Development of a laptop-sized mobile molecular-diagnostic, integrated lab-on-a-chip (iLOCS) system for the rapid molecular diagnostic of nosocomial infections

G. Dame1 ; M. Hügle 1,2; G. A. Urban 2 ; F.T. Hufert 1
1Institute of Microbiology and Virology, MHB, Medical School Brandenburg, Germany
2 University of Freiburg, IMTEK, Chair for Sensors, Germany


Clostridium difficile (C. diff.) associated diarrhea are of growing concern in seriously ill patients after antibiotic treatment. Norovirus infection represents a frequent and central hygiene management problem especially in geriatric care.

We focussed on the development of a mobile diagnostic point-of-care system (POCTs) which allows rapid on-site screening in cases with severe diarrhea. Based on nucleic acids detection, we are aiming at the development of a laptop-sized mobile molecular diagnostic integrated lab-on-a-chip system (iLOCS). The two diagnostically important gastrointestinal infections (Norovirus, C. difficile) will be detected by an isothermal recombinase polymerase amplification (RPA) assay, which allows genetic amplification within 15 minutes. Thus, the system should deliver a reliable result below 30 minutes. Here we present the results of two RPA assays for molecular detection of Norovirus and C. difficile.

Furthermore, we show the first results of our RPA-based Lap-on-Chip development. In the future iLOCS can be extended to a number of other pathogens or any other gene which today is detected by real-time PCR. C. difficile. Darüber hinaus präsentieren wir die ersten Ergebnisse unserer Ingenieurarbeiten zur RPA-basierten Lab-on-Chip-Entwicklung. In Zukunft soll iLOCS auf RPA-Basis auch zur Diagnostik weiterer Krankheitserreger eingesetzt werden und könnte bisherige diagnostische PCR-Verfahren ersetzen.


Based on gene bank genetic analysis, qPCR and RPA primer/probe sets were generated for C. diff. (Tox A and B) and Norovirus (GGI, GGII). Primer sets were for PCR were analysed on a LightCycler 480 and RPA primer sets were investigated by an RPA reader (Tube scanner). To determine the sensitivity of the assays a Probit analysis was carried out with eight different runs using our synthetic RNA or DNA standards.


Figure 1. Analytical sensitivity as determined on RNA run-off transcripts of Norovirus (8 runs) Norovirus GGI sensitivity: 10 1 -10 2 genomes/µl

Molecular diagnostic assays.

RPA assays for Norovirus and toxin B of C. difficile were developed. All RPA assays showed a specificity of almost 100%. The Norovirus and C. difficile B toxin B RPA assays showed a sensitivity of at least 102 genomes/µl each. The Norovirus RPA results are shown in Figure 1. These results are comparable to standard real-time PCR assays. Using our RPA standards, the Lab-on-Chip was tested for RPA suitability. Results were compared to the Tube scanner reference system as shown in Figure 2.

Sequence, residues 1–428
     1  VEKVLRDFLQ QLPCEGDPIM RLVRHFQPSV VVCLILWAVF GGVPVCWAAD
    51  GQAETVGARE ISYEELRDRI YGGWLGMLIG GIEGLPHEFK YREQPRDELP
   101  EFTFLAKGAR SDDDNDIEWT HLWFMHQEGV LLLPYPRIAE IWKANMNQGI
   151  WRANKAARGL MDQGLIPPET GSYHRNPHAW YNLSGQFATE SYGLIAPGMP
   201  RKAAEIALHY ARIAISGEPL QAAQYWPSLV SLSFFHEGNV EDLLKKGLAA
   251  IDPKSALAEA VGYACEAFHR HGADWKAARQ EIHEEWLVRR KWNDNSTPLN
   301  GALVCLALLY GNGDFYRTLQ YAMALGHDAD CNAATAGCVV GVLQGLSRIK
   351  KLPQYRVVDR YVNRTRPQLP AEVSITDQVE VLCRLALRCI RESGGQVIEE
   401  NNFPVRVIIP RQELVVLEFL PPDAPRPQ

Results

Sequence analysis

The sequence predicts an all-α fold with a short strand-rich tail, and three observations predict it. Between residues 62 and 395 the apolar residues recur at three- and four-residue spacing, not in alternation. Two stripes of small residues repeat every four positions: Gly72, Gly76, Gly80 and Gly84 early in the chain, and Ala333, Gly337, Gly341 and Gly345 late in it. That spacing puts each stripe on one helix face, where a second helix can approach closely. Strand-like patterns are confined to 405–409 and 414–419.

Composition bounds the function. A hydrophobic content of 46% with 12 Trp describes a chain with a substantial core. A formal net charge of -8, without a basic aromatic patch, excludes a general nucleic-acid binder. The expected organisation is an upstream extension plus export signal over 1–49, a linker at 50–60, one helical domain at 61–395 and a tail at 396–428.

Figure 2. Comparison of C. difficile RPA using the standard RPA reader (Tubescanner, red line) with the LabChip system (blue line) based on a defined number of genome copies.

iLOCS development

For the construction of iLOCS a chip was developed to purify and concentrate nucleic acids using two integrated platinum electrodes and three hydrogels. Furthermore, we constructed a power supply unit as well as a chip holder shown in Figure 3.


The aim of this approach was the development of a molecular detection system for the rapid detection of norovirus and toxin-bearing Clostridium difficile using an isothermal amplification system. Such a system could be widely used in outpatient and inpatient medical care. Rapid and reliable diagnostic tools in a sample-to-result format can reduce the workload in diagnostic facilities, minimize hands-on-time and make an easy on-site testing at home possible. A data transfer option to an eHealth Center for further processing would allow real-time medical validation. POCT molecular diagnostics systems offer also new opportunities for on-site diagnosis of infectious diseases (ID) in countries with low health care standards, in any type of field missions or outbreak investigation. Integrated in a suitcase-lab it offers an easy and affordable tool for rapid molecular ID diagnosis in low resource settings.


Figure 3. (Left) Microfluidic chip for preconcentration and lysis of bacteria as well as gel-electrophoresis of nucleic acids and a CNC milled custom chip holder (Right).

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